Raga Analysis Class - 17th July 2015

Aparajita Lahiri Brahmachari,As a student and devotee of music, I always had an interest regarding the huge variety of Ragas, each of unique in type. Having learnt music for more than 23 years gives a fair and prominently distinct idea of the fact that behind the majesty of Hindustani classical music lies a the power of Raga and its various dimensions. There are ragas known to depict each and every mood and season. At ITC Sangeet Research Academy, utmost importance is given to the Raga system of Indian Classical Music and the Raga Analysis class is one of those time when the scholars and Gurus of the Academy sit together and discuss the particulars of a single Raga, how it should be rendered, what the different routes within the framework of the Raga are or what the criterions are behind establishing a Raga during performance. Being a Senior Scholar of this Academy, I, along with my 2 scholar friends, were given the responsibility of organising this time's Raga Analysis class by our Executive Director and our respected Gurus.The Raga decided was Malhar and a few different types in the Malhar group. The first question that came to my mind was what the actual phrase of Raga Malhar should be like? "What is the essence of Malhar?", "Is there any Raga called Shuddha Malhar?".I along with Debasmita requested our Gurus to explain the track of Malhar, Shudh Malhar and Megh / Megh Malhar. Guru Pandit Ajoy Chakrabarty firstly mentioned that if we want to know or sing or play Raga Malhar we would need to know about Raga Darbari because both Ragas use the same phrases (R P, M P g M R S) and this very phrase is what denotes the difference between both the Ragas. A question posed by Pandit Ajoy Chakrabarty was,"What is a phrase or why are there even phrases in Ragas?" Sankumay Debnath, a scholar, was asked to begin an alaap of Raga Megh and was asked to established the Raga in one phrase. N S N P, P R. This was the phrase sung by Sankumay and he was asked to build on the same phrase through different routes. Guru Pandit Ulhas Kashalkar said there are Ragas of the same swara/notes like Bhupali/ Deshkar, Megh/Madhmad Sarang, Puriya/Marwa/Sohini. "These Ragas have the same notes but become different through different rendition of the same notes. "Swar, swar sangati, badhat, meend, murki etc are all the terms that have fixed meaning and the same affects each and every Raga and makes it different", said Pandit Kashalkar. On Megh and Megh Malhar it was said that there is no such difference between the two Ragas. Megh is recited with Malhar ang which is R M P, P MgR S. Between M and R there is usage of komal Gandhar which is rendered through meend. Some artists use clear komal Gandhar saying that Megh Malhar and some artists sing M R S with meend which is called Megh. The following is a frequently used phrase of Raga Megh and important one as well. n S R M P n S, S n S P N M P R M S R n S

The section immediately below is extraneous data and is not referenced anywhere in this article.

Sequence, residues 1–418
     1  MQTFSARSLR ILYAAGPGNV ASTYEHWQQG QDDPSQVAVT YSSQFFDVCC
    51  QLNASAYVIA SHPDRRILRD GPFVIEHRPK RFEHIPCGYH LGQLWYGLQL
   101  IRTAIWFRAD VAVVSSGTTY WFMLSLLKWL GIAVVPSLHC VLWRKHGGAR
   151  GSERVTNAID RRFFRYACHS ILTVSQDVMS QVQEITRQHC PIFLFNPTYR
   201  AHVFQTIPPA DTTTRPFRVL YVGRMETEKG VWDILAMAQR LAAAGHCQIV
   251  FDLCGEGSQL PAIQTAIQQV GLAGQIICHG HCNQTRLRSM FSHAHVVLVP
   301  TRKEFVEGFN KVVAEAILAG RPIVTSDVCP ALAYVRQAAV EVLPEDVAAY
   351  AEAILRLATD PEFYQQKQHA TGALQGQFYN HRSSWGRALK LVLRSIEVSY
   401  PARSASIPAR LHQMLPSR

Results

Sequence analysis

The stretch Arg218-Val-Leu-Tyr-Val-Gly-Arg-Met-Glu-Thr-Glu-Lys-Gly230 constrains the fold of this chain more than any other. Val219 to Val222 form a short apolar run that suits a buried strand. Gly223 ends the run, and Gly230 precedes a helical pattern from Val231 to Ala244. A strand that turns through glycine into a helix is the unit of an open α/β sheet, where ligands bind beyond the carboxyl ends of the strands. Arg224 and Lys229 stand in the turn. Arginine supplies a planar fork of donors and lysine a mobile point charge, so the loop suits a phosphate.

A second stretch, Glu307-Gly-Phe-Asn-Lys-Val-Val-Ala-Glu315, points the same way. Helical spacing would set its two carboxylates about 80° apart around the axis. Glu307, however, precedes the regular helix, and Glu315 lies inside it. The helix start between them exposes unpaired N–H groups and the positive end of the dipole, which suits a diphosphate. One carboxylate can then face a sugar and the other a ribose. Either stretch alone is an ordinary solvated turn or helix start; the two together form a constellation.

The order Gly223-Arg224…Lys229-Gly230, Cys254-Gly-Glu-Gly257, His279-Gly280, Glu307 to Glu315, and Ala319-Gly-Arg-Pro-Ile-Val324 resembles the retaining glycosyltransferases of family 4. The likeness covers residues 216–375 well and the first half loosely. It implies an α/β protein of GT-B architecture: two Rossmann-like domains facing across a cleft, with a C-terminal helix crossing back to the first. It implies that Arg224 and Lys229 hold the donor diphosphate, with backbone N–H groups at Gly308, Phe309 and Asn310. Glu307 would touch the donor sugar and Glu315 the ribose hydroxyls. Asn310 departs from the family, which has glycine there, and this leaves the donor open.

Guru-Scholar Meeting - 10th July 2015

A joint meeting between the Scholars and Gurus of the ITC Sangeet Research Academy on July 10 proved to be momentous. It was decided that a magnificent tradition of the Academy, a Raga Analysis Class with all the august Gurus of the Academy participating, would be held on a monthly basis. The first group of Ragas, in keeping with the mood of the season, was to be Malhar. On July 17, it was decided, this group of Ragas would be explored in all its glory. The Scholars responded enthusiastically, promising animated participation in the event. The significance of these discussions has to be judged in the light of the superior erudition of the Gurus who have their own experiences and understanding of the Ragas. These enrich the Scholars beyond measure. And often teach them to look at their music in a new light.